Health Team

'We expect more cases': Timeline of Wake coronavirus patient's arrival, symptoms, current status

A day after Wake County identified what is believed to be North Carolina's first case of coronavirus, the timeline of the patient's arrival, symptoms, contact with others and current status started to become more clear on Wednesday.

Posted Updated

Jeff Hogan
, WRAL anchor/reporter; Heather Leah, WRAL digital journalist
RALEIGH, N.C. — A day after Wake County identified what is believed to be North Carolina's first case of coronavirus, the timeline of the patient's arrival, symptoms, contact with others and current status started to become more clear on Wednesday.

North Carolina Secretary of Health and Human Services Dr. Mandy Cohen shared what officials have learned about the critical days since COVID-19 first arrived in Wake County – perhaps even before it was first detected – and the processes in place to help protect local residents.

Are the patient's fellow passengers or staff at Raleigh-Durham International Airport at-risk?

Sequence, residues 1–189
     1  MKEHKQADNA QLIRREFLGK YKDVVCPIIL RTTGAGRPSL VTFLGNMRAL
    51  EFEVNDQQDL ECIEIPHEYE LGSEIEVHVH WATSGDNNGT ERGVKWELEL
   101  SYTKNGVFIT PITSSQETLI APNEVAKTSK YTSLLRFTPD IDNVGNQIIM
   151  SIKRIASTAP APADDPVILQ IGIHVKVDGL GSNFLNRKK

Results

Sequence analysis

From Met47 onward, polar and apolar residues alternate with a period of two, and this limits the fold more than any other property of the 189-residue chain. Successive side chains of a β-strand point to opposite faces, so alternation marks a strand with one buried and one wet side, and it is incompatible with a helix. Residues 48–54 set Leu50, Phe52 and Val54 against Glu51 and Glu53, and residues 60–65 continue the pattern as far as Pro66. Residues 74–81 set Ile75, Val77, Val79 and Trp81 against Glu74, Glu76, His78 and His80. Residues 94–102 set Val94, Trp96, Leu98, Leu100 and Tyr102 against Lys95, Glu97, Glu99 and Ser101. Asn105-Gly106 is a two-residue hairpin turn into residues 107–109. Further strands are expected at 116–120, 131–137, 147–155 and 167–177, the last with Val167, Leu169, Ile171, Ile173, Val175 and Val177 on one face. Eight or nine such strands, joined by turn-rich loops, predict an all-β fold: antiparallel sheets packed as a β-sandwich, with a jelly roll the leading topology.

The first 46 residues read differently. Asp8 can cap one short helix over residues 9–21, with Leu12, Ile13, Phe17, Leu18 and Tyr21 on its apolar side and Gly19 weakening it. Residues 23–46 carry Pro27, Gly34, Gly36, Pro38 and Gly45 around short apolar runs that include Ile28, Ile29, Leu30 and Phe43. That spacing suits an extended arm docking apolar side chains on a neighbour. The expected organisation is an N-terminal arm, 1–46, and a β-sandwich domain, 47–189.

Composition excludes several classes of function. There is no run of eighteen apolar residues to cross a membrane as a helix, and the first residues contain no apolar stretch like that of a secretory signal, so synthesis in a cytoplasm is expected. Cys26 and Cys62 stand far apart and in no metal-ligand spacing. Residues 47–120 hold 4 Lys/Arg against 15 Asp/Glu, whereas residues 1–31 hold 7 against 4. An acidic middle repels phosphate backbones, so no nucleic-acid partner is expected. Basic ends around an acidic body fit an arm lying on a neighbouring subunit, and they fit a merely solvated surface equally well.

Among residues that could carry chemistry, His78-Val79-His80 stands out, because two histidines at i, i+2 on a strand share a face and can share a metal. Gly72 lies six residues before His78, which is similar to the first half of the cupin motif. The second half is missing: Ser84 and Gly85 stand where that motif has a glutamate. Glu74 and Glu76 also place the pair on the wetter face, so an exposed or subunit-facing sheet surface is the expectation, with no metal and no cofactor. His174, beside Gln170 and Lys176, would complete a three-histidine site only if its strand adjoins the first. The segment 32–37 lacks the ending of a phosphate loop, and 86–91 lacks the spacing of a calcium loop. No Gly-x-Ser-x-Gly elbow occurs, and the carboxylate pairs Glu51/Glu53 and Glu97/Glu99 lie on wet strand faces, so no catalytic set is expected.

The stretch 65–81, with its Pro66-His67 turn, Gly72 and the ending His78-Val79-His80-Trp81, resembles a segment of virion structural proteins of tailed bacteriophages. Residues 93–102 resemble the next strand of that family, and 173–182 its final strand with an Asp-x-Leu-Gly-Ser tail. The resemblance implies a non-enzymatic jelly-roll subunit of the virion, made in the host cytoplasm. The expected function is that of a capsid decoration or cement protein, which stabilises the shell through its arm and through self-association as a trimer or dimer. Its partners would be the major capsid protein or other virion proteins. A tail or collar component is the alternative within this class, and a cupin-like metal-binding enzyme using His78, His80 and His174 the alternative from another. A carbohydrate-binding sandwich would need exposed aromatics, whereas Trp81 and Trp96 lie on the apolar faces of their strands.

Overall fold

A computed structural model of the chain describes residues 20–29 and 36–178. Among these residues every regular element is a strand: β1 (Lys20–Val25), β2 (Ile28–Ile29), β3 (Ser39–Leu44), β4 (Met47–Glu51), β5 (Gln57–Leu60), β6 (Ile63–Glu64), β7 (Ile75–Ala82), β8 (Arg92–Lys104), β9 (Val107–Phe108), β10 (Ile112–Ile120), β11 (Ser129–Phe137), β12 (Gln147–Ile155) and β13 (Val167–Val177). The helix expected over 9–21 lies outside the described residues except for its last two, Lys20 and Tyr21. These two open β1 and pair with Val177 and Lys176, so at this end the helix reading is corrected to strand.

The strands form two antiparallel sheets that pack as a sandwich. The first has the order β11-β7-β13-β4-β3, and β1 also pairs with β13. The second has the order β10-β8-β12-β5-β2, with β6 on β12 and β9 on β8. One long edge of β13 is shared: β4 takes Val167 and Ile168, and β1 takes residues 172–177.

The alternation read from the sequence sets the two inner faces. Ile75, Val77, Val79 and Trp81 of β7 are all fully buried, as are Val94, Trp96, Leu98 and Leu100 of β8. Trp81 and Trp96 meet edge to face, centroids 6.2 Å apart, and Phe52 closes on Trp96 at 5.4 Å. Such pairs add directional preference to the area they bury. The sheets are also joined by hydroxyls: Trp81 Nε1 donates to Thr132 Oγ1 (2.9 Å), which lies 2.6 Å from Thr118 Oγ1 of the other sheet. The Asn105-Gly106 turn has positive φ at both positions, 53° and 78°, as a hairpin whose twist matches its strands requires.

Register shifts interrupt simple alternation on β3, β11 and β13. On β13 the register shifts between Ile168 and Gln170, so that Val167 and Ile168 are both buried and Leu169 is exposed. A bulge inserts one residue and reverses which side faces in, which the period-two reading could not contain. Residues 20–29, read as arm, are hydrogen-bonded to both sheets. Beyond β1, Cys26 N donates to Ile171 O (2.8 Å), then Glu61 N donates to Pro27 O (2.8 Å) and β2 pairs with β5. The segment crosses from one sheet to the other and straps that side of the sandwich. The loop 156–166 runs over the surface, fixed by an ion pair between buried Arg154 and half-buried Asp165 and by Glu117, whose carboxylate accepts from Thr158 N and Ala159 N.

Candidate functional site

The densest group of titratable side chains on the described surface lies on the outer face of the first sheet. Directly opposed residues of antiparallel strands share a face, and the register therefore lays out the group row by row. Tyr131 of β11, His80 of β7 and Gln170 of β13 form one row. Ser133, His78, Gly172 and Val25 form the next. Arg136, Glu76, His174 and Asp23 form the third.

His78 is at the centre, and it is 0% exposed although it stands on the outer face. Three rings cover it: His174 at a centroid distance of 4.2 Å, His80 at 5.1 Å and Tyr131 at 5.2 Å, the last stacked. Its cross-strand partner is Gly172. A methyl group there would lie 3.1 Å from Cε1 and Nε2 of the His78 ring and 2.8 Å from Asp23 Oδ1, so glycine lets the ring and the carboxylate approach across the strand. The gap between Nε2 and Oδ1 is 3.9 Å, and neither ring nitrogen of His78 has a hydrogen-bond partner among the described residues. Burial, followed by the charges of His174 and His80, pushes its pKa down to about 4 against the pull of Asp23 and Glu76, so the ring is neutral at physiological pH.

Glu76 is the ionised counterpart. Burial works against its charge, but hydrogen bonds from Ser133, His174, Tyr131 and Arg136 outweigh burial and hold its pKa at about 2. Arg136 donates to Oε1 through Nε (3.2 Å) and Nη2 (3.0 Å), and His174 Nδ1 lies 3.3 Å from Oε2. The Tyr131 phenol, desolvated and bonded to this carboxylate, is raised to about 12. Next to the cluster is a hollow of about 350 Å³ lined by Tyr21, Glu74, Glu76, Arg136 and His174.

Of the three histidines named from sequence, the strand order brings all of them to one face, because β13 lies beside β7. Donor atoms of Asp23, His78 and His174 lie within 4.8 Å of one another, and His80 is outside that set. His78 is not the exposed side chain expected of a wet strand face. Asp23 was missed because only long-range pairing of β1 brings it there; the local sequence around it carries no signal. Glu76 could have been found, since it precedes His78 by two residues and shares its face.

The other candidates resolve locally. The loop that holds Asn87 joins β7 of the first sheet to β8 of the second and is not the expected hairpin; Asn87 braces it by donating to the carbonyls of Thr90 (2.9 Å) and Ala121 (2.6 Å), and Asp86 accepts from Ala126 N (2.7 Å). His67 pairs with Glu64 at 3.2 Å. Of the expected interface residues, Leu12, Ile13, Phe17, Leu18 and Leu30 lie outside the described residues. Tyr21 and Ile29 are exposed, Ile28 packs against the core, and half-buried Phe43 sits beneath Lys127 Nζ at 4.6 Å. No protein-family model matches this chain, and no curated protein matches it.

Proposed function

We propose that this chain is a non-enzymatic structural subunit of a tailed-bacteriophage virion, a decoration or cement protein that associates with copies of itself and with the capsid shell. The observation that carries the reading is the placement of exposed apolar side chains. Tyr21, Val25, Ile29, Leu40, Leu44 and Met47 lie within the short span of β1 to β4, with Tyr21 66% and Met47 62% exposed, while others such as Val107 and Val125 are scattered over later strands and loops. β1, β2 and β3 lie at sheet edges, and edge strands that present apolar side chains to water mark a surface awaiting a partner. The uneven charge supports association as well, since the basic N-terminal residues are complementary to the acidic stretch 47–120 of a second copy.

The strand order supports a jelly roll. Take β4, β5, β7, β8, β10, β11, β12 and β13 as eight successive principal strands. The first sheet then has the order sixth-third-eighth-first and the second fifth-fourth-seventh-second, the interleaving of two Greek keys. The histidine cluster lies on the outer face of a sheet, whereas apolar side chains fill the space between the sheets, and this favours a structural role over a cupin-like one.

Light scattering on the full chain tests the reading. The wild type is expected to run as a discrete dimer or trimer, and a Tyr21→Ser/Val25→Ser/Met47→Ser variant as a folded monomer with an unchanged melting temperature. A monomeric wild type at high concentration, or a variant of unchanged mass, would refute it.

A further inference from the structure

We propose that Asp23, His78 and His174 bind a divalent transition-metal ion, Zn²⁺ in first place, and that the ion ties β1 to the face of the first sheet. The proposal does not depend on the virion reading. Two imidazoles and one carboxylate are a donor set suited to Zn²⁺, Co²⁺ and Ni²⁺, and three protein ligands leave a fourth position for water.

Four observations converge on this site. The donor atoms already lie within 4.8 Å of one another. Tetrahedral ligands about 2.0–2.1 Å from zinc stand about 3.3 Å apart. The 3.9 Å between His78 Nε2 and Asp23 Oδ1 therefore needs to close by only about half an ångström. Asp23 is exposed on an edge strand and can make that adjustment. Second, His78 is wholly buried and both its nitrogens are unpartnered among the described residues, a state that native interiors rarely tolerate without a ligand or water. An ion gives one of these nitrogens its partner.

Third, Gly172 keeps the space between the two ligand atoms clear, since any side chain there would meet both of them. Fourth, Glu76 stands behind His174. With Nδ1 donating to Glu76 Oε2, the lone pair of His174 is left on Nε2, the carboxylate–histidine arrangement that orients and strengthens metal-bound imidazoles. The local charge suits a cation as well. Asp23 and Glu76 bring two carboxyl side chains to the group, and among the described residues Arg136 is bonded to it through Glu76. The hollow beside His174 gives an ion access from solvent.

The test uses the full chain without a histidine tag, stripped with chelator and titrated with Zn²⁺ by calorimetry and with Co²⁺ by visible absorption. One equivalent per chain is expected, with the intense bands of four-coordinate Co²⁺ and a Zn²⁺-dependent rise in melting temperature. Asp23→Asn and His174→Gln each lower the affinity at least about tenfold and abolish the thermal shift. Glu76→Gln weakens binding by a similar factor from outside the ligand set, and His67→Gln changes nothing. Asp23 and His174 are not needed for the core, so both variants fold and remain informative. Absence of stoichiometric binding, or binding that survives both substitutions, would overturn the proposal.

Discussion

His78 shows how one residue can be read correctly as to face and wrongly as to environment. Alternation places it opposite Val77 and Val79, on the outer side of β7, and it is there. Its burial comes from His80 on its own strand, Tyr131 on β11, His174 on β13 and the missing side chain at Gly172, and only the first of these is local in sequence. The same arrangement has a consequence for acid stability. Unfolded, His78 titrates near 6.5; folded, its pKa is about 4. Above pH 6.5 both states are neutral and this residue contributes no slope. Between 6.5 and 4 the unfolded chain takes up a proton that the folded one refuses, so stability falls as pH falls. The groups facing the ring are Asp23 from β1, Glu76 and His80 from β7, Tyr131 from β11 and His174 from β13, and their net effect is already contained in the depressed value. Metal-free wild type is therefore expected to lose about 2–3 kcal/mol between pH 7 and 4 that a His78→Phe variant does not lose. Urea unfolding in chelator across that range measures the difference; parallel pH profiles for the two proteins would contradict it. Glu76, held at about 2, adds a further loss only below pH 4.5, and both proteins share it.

After traveling back to the Triangle from Washington state, where he was exposed to coronavirus in a nursing home where an estimated 50 patients and staff were showing symptoms, the infected man was not symptomatic for three days, Cohen said.

Because he showed no symptoms of the illness, nobody on the flight or at RDU when he passed through was at risk of catching the virus, she said.

"We know they are most contagious when they are showing symptoms," she said. "The [Centers for Disease Control and Prevention] has been very clear in the guidance that they do not feel there is risk before folks are seeing symptoms.